Hodgson sets up new player meeting

(From BBC Sport)
England have been drawn in the same group as Russia, Wales and Slovakia at Euro 2016

England boss Roy Hodgson will meet up with his players at St George's Park on 11 February.
planned get-together just over a year ago was scrapped after a suitable date could not be agreed with clubs.
England last played in November and have no more matches until March.
A Football Association statement said it would also offer a chance to "fully debrief last November's fixtures and look ahead to March's games with Germany and the Netherlands".
England face world champions Germany in Berlin on 26 March before hosting the Netherlands at Wembley three days later.
They are also set to face Australia in another warm-up match before this summer's European Championship, which begins in France on 10 June.
England confirmed fixtures in 2016
26 March v Germany (a) Friendly
29 March v Netherlands (h) Friendly 
11 June v Russia (Marseille) Euro 2016
16 June v Wales (Lens) Euro 2016
20 June v Slovakia (St Etienne) Euro 2016
4 September v Slovakia (a) World Cup qualifier
8 October v Malta (h) World Cup qualifier
11 October v Slovenia (a) World Cup qualifier
11 November v Scotland (h) World Cup qualifier
The meeting will involve "a group of players who have featured for the Three Lions over the last 12 months", according to the FA.
Hodgson said: "It's very good that I will get to see the players between the matches we played in November and the matches we'll play in March as it's an awful long time not to see the players."
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'We might never see a World Cup here. It's a disgrace'

(Click:) 'We might never see a World Cup here. It's a disgrace'

Steve Claridge on the consequences of 40 years of FIFA corruption and abuse
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Vardy, Alli, Kane...riches or fool's gold?

Lee Gadsby Basannavar
Chief England team correspondent

Jamie Vardy, Harry Kane and Dele Alli are all currently in blistering form for their clubs

Yesterday, Jamie Vardy, Dele Ali and Harry Kane showed Roy Hodgson the firepower he will have at his disposal at the European Championships this summer, injury permitting. But how many times have we been here before? English players knocking them in in the Premier League, but on the international stage, suddenly looking like rabbits in headlights.
The prospect of Alli and Kane partnering for England is certainly mouthwatering--goodness, wouldn't it be wonderful if the two of them could devastate the world's elite defences? Vardy is more of an unknown factor in that he is a late bloomer, and late bloomers have rarely performed for England. I hope I'm proved completely wrong, but Vardy seems to fit that bill of a consummate top English league performer, totally at home in the boom and bust, your go-my go madness of a Premier League game, but at the highest level, that type of football, that type of player, can be bitterly exposed. England's history is littered with them.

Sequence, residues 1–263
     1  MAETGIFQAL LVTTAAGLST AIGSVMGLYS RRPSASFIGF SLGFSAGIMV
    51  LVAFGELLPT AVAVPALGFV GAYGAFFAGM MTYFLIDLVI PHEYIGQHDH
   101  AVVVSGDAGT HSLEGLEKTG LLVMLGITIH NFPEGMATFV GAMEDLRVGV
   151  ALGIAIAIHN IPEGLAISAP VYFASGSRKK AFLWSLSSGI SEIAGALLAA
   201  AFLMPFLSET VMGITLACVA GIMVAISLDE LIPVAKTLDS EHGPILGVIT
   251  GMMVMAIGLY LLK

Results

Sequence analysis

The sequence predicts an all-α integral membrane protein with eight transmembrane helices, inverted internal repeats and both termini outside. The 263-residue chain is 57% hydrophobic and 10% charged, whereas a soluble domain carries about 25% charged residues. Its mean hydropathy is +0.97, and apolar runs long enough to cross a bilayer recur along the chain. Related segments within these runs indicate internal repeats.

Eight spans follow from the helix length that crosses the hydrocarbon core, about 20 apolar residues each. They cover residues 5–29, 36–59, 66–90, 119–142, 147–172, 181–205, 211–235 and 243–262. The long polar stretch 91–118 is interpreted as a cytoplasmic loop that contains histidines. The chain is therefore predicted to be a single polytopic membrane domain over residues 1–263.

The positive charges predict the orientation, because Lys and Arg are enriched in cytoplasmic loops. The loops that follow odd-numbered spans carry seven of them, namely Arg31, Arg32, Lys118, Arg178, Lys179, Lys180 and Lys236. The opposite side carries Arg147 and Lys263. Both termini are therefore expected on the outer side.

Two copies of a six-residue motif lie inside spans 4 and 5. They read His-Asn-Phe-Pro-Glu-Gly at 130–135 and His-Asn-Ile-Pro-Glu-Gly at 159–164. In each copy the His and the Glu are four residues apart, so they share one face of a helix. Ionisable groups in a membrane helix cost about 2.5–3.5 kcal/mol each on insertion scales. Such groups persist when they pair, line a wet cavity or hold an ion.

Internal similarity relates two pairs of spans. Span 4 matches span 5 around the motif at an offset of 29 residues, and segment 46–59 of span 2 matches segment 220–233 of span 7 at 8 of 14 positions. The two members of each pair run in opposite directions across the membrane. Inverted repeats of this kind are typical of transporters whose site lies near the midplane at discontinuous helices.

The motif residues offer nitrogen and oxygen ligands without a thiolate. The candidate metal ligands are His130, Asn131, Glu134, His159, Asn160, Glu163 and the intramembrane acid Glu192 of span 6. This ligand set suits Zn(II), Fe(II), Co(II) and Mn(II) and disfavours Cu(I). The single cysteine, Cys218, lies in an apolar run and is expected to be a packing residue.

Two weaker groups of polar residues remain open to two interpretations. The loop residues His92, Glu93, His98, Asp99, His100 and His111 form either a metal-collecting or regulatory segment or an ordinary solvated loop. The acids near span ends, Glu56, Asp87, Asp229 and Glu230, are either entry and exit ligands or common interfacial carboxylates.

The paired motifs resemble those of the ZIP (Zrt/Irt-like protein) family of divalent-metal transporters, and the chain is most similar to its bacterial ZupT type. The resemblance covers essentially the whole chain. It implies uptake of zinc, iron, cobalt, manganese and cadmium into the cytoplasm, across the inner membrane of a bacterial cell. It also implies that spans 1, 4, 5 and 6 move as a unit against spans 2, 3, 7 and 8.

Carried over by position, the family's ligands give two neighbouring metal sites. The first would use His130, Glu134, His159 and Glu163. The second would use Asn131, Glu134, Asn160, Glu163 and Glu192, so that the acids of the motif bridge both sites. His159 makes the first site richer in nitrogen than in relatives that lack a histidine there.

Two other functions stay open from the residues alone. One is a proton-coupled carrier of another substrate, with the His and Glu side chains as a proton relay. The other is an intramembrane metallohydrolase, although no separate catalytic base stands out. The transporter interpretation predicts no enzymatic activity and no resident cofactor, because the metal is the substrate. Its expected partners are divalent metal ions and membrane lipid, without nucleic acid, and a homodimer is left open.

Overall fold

Then again, Vardy may pleasantly confound us this summer the way his club has the Premier League this season.
Alli and Kane, on the other hand, have different kind of abilities and we have seen them put to breathtaking use already at both club and international level. They are natural footballers, able to master all the technical complexities of the game. Power, pace, touch, vision, balance, strength. They have them all and would hold their own easily in the Bundesliga or La Liga, and by God, they must go to one of them--such talent is limited, not developed, in the one-dimensional English league; to develop fully they must forsake their vulture agents and look at the big picture. Playing abroad is the only way we will see their abilities fully-realized at international level; staying in the Premier League will only stifle as it has so much English potential in the past.
Whether or not these players will shine this summer the way they have done domestically remains to be seen. Can they go on to be England legends? Why not? Will they? Riches or fool's gold--who knows?
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England football boss Roy Hodgson gets honorary degree

Roy Hodgson getting an honorary degree

Image copyrightPA
Image captionEngland manager Roy Hodgson said he would 'treasure' his honorary degree

(via BBC Sport)

England football manager Roy Hodgson has been given an honorary degree to mark 40 years of dedication to the sport.
The 68-year-old was made a doctor by the University of York at a ceremony earlier.
He was described by the student union as an "ambassador of the sport" and an "inspirational leader".
Hodgson said he would "treasure" the award, which was presented to him by deputy vice-chancellor, Saul Tendler.

'Believe in yourself'

He attributed his career success to having the courage to take chances.
He told his university audience: "If there's one thing I would say to you, and it's something we try to preach to our football players, have no fear.
"You have got to believe in yourself."
Hodgson was appointed England manager in 2012 and has led them to two major finals.
After a low-key playing career, he started managing at Swedish side Halmstad in 1976 and since taken charge at clubs in Italy, Denmark, Switzerland and England.
He has managed in the premier League with: Blackburn Rovers, Fulham, Liverpool and West Bromwich Albion.
His international career saw him guide Switzerland to the 1994 World Cup finals and he has also been in charge of UAE and Finland.